Initially, I sat down to watch the service out of pure vocational obligation– when religion holds a promote place in the public square (i.e. a church service is featured prominently on national tv) I feel it is my pastoral responsiblity to watch. But, I kept watching because of the poignant, faith-filled words and that the most unlikely of preachers and speakers brought to the gathering.

Though I am a child of the 80s and grew up dancing around the house with a hairbrush singing, “I Want to Dance with Somebody,” I wouldn’t have not considered myself a die-hard Whitney fan. In fact, have been among the folks who have stood back during the media spectacle of the past week saying under my breath, “What is all this fuss about? It’s not like we knew her personally.” But, maybe all of us just thought we did.

The bright light of fame begins to convince us, with any well-known celebrity, that we are their friend too. It is easy to believe that we too grew up on their same street as a child, shared a coffee meeting with them last week or in some cases, or that we’ve read journals of their deepest thoughts. With such a bright light, it’s true, I like millions of others, I believed too, that I knew Whitney (even though such is of course false).  Even with all the illusions of a celebrity’s passing, death is death. And, death evokes sadness. When death comes too soon, when mothers bury daughters, when teenage daughters face life without their mothers, and when the future seems spoiled in the questions of “what could have been?” we cry.  What a daughter, what a mother, and what a voice that we’ll never hear in this life again!

In this grief, all of us went to church.

As the sermon began, Rev. Marvin Winans, a family friend, commented how much he respected Cissy Houston (Whitney’s mom’s) leadership in bringing the funeral to her childhood church. While pressure in the planning process intensified to include a large public concert or memorial service, Mama Houston (as they called her) stuck to her gut. Knowing that her baby was brought into the world in church, she’d need to go from the world from it too.  And, Marvin Winans, went on to say to Cissy directly, “You were responsible for bringing the world to church today.”

And for the entire four hours of non-interrupted television on CNN, we, as onlookers, sat with grief of a music icon gone with God’s hope of resurrection given at the center. 

From Tyler Perry really getting into a message about grace leading us our life through, as it did for Whitney to Kevin Costner describing their shared Baptist upbringing and abiding friendship, to family members and other business associates highlighting Whitney’s spiritual compass and love of scripture, even with all of the demons she went to battle with: it was church. The funeral was authentic, life-giving, straight talking, love filled, church. For me, it was four hours well spent of  spirit filled connection with God with other faith seekers– nevermind how famous, affluent, poor or unknown they may be. Together in person, on cable news, or via the internet, we went to church.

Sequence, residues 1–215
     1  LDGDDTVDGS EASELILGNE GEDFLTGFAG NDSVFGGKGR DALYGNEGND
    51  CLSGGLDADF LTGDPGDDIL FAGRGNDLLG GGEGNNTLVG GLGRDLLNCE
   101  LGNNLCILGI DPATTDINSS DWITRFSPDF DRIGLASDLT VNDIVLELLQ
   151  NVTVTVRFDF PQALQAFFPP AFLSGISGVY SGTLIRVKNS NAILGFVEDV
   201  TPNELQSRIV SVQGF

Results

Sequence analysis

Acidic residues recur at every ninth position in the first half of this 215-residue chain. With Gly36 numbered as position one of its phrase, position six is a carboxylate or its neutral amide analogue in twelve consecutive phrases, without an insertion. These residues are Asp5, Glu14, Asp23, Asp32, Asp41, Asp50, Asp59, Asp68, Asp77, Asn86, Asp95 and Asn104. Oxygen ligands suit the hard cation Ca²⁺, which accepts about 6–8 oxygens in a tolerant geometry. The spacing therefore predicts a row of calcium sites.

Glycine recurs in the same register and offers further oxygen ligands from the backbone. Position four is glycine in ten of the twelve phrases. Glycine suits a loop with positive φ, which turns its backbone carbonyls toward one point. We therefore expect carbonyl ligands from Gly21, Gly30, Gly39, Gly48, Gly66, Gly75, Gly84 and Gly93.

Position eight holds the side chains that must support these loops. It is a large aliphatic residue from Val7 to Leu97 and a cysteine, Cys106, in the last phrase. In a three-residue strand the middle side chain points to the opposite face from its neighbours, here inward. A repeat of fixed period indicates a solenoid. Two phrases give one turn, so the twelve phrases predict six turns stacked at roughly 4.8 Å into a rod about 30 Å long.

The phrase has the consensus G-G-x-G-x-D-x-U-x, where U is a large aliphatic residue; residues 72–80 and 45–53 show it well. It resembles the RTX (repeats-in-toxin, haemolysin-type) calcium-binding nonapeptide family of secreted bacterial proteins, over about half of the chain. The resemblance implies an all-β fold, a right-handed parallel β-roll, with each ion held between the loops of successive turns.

In this trip to church, the spirit from which this service flowed represented for me the best of what this place can be:

  • People of all backgrounds, races and nationalities joining together in community
  • Deep grief finding a place of expression for it is good not to cry alone
  • The gospel of hope shared even in the darkness of death. Like Bishop T.D. Jakes said, “we are a people of Sundays . . . death does not win; love does!”
  • People for whom this place is not normally “their thing” being welcomed with open arms: politicians, newscasters who experienced a worship service the first time in their lives, and those whose ambitions have long left regular church attendance behind (well, maybe not Bobby Brown, but that’s another story)
  • Those who have made some bad decisions in their life (i.e. Whitney) being celebrated for the good within them, not the bad because hey, we have all messed up in one way or another! (Who are we to throw stones?)
  • Compassion filled truth talking. Cissy Houston being told by her daughter-in-law, “You did all you could to help Whitney. There are some people for whom even Jesus couldn’t heal if they didn’t want it. You did all you could. You should be proud.” And, Kevin Costner sharing a story about some of the deep insecurities and fears spoke aloud by Whitney to him. Costner saying, “Whitney always wondering if people loved HER or image of her?” And Costner making things clear: “No people didn’t just like you, Whitney; they loved you!”
  • And, above all, praise of God grounding all things. The service began in praise, moved in praise of God (one of my favorite moments being when CeCe Winans leading the congregation in “Jesus Loves Me”), and ended in praise of God as the choir sang, “Let the Church Say Amen.”

Thank you Whitney for taking us to church today. The spirit of the life you lead, the legacy you left behind, and the faith that carried you (even when life seemed like too big of load to carry you sought to keep going and learning from your mistakes) uplifted our hearts. And, though we will miss you in this life, we know this after church today: your spirit soars on praise of your Creator. Can I get an Amen?